The Finger Lakes are a pattern of lakes in the west-central section of Upstate New York in the United States. The lakes, due to their long and narrow qualities, resemble fingers, and are roughly oriented on a north-south axis. The two longest, Cayuga Lake and Seneca Lake, are among the deepest in America. Both lakes are approximately 40 miles long, and have a maximum width of 3.5 miles.
Cayuga is the longest lake at 38.1 miles. Seneca has the largest volume, estimated at 4.2 trillion US gallons, which is roughly half of the water in all of the Finger Lakes. It has a surface area of 42,800 acres and a maximum depth of 618 feet, making it the deepest of the lakes. Its mean depth is 291 feet. The bottoms of both the Seneca and Cayuga lakes are well below sea level.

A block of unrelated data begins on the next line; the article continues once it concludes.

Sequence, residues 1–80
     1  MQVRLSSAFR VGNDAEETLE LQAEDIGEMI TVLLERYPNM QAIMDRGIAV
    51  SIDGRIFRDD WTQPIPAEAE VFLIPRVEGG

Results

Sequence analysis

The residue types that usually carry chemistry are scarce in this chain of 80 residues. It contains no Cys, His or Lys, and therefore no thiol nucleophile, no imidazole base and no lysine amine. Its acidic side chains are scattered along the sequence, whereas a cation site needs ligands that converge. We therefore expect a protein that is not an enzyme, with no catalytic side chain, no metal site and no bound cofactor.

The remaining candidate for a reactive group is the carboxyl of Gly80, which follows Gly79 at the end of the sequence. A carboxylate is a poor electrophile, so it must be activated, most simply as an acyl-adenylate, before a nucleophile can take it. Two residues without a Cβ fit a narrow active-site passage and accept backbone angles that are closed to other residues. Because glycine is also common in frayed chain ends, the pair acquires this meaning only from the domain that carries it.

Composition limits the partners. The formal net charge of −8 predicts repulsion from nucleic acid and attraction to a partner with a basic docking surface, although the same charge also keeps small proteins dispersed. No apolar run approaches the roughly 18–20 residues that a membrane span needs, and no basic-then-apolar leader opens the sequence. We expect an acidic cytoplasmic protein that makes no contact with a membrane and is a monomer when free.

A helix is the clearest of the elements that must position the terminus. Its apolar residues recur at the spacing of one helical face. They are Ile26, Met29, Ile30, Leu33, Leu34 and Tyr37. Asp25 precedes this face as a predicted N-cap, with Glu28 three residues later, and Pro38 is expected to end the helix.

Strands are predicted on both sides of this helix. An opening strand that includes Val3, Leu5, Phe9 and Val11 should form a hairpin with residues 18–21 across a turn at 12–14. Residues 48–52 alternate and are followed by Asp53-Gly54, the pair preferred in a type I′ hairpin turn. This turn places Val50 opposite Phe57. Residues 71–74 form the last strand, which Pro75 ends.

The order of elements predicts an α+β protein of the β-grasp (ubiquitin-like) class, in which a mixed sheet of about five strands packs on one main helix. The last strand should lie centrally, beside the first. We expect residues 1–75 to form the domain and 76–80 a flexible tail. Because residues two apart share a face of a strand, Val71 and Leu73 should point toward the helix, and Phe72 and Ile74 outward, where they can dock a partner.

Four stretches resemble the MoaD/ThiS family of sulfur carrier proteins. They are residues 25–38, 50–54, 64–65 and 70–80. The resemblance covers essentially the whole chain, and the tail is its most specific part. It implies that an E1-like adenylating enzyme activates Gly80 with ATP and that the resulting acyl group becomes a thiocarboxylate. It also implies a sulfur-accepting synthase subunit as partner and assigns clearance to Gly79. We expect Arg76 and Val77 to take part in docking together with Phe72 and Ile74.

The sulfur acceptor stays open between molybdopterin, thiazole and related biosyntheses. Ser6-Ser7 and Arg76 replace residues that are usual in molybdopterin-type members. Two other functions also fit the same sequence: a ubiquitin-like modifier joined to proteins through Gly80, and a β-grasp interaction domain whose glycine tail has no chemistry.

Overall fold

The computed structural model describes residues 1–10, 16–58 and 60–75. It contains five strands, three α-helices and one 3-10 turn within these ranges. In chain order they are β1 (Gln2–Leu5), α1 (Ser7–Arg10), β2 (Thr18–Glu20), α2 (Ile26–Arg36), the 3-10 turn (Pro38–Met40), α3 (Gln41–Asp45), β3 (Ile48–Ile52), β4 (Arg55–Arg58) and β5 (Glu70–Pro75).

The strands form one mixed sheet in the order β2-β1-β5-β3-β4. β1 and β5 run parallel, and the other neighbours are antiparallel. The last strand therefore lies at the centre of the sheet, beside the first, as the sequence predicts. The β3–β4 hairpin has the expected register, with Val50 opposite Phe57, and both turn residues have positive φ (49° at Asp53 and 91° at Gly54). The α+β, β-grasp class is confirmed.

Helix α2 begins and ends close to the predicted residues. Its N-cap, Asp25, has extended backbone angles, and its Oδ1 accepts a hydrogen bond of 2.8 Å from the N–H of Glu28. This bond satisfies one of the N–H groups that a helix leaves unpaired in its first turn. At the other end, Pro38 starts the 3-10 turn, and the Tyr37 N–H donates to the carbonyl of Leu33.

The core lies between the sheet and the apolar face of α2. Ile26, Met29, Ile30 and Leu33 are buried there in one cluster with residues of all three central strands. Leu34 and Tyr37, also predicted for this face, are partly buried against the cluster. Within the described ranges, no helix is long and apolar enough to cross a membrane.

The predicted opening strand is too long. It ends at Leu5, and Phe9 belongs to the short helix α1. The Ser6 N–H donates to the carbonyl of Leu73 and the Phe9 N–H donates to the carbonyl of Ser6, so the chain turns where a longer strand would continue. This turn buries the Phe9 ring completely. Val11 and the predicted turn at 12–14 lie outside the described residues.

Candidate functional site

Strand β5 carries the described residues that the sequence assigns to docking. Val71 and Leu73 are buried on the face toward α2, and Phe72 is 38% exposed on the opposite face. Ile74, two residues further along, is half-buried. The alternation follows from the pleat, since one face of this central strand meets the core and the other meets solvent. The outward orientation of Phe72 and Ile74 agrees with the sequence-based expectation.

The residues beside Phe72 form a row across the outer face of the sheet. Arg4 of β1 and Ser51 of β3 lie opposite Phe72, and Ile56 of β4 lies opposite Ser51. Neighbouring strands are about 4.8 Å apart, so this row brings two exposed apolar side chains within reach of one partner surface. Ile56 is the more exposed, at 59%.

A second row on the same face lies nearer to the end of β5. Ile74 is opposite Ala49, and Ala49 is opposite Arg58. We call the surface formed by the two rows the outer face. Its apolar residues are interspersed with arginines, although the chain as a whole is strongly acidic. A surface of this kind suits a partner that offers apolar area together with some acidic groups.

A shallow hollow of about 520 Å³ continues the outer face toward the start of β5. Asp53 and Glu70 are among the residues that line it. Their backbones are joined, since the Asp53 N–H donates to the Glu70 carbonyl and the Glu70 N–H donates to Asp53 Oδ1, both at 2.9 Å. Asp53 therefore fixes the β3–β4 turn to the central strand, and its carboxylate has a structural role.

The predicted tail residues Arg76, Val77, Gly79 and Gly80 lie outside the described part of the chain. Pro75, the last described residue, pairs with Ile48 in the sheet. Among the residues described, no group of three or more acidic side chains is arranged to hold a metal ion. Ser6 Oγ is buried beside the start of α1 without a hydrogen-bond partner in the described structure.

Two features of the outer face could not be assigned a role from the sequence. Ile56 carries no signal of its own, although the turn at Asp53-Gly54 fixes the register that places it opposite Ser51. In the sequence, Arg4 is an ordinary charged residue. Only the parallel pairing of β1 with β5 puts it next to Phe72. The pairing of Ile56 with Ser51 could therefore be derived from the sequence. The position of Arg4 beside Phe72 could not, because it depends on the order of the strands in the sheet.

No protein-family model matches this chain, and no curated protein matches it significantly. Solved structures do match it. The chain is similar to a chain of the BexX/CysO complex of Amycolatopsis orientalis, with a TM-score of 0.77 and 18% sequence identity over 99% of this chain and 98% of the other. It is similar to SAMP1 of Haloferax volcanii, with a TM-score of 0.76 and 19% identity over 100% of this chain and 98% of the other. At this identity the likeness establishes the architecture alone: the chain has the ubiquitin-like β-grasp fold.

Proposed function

Oneida Lake is generally not considered one of the Finger Lakes, but it is sometimes called the "thumb," while Seneca Lake is regarded as the middle finger. Cazenovia Lake to the east, although smaller, is sometimes called the 12th Finger Lake.Learn more about Bodies of Water